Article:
CR investigation finds millions of uninsured Americans receive second-class health care, if any at all
August 10, 2000
At a time of unparalleled prosperity in the richest country in the world, 44 million people lack health coverage
YONKERS, NY – A special six-month investigation reported in the September issue of Consumer Reports finds that while the U.S. spends more money on health care than any other country, the nation’s 44 million uninsured face a system of second-class health care.
This special health insurance report includes many compelling personal stories of people who are not getting the care they need. The Consumer Reports story indicates that the number of people across the country without health insurance continues to grow, despite piecemeal attempts at reform. Based on population growth alone, 47 million people will have no insurance five years from now. Currently, 20 percent of the population under age 65 lack health insurance.
To assess how people without coverage fare in the health system, Consumer Reports interviewed more than 130 doctors, hospitals, clinics, health-policy experts, and uninsured people. The key finding is that millions of people without health insurance receive second-class health care, if they receive any at all.
“People without insurance are getting second-class health care in a country that spends more of its Gross Domestic Product on health care than any other in the world,” says Trudy Lieberman, Director of the Center for Consumer Health Choices at Consumers Union and author of this report. “And more people will get this type of care as the numbers of uninsured climb.” Some other key conclusions and findings of the investigation include:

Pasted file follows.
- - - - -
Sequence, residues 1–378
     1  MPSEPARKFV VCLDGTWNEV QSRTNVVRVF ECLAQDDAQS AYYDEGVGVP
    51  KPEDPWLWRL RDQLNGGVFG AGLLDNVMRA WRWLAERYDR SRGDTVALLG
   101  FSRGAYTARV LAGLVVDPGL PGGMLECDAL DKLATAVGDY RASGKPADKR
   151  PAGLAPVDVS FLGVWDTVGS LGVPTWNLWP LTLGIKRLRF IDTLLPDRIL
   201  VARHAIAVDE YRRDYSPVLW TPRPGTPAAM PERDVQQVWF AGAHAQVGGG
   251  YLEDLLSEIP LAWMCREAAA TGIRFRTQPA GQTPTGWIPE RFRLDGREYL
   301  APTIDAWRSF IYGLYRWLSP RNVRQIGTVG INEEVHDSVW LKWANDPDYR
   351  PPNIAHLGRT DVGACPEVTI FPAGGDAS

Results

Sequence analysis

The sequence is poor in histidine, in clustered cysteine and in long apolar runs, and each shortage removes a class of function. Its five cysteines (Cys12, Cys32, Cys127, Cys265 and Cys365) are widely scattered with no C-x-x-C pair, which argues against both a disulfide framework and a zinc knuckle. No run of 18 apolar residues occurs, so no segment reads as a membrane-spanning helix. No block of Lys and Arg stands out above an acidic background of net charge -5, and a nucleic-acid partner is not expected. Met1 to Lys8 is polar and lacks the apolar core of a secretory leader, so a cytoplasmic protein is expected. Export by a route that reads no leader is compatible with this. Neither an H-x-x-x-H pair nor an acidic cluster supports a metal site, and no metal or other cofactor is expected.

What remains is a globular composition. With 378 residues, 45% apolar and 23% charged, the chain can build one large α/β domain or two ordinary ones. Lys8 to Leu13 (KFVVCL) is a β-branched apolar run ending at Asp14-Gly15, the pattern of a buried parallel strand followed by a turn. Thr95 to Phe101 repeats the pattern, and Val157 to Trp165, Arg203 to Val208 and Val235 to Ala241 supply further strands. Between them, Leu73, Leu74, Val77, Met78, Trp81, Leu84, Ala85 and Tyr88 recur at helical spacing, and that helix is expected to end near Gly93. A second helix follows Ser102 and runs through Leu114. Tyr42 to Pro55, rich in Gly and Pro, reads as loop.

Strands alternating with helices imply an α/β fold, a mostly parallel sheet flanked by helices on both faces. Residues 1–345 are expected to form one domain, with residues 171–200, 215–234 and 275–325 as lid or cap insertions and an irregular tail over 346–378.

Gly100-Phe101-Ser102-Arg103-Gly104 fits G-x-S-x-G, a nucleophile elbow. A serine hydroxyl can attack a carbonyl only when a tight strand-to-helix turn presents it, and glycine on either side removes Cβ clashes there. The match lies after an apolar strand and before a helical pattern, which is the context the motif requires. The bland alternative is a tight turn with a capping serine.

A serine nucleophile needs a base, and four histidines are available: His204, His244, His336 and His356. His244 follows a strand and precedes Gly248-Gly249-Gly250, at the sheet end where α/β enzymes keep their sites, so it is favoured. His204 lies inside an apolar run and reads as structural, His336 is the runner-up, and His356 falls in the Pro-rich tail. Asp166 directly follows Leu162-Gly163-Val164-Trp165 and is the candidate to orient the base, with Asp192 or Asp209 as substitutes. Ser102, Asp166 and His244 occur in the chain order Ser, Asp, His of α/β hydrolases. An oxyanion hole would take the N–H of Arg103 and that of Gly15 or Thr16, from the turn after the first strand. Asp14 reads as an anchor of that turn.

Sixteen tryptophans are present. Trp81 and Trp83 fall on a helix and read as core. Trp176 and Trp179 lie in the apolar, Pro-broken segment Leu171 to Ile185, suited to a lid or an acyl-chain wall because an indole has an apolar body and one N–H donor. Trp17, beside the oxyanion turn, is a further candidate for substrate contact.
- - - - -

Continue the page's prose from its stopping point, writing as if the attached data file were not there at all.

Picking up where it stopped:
- If you are uninsured, care depends on chance – how old you are, what county you live in, what piecemeal programs exist, your diagnosis, how much money you can scrape together, and your perceived worthiness. For example, babies and children are more “marketable” when it comes to claims on the public purse than 20-year-olds, who don’t have the same cachet with politicians. There may be money for mammograms, but not for treatment of uninsured women found to have breast cancer.